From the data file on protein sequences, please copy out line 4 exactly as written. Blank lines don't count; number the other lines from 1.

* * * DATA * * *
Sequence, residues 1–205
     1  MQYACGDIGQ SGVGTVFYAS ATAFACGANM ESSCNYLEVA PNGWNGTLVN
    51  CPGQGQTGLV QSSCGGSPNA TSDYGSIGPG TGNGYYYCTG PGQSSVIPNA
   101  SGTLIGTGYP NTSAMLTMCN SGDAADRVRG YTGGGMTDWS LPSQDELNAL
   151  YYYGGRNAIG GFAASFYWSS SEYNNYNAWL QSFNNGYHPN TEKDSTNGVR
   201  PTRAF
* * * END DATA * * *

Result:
   101  SGTLIGTGYP NTSAMLTMCN SGDAADRVRG YTGGGMTDWS LPSQDELNAL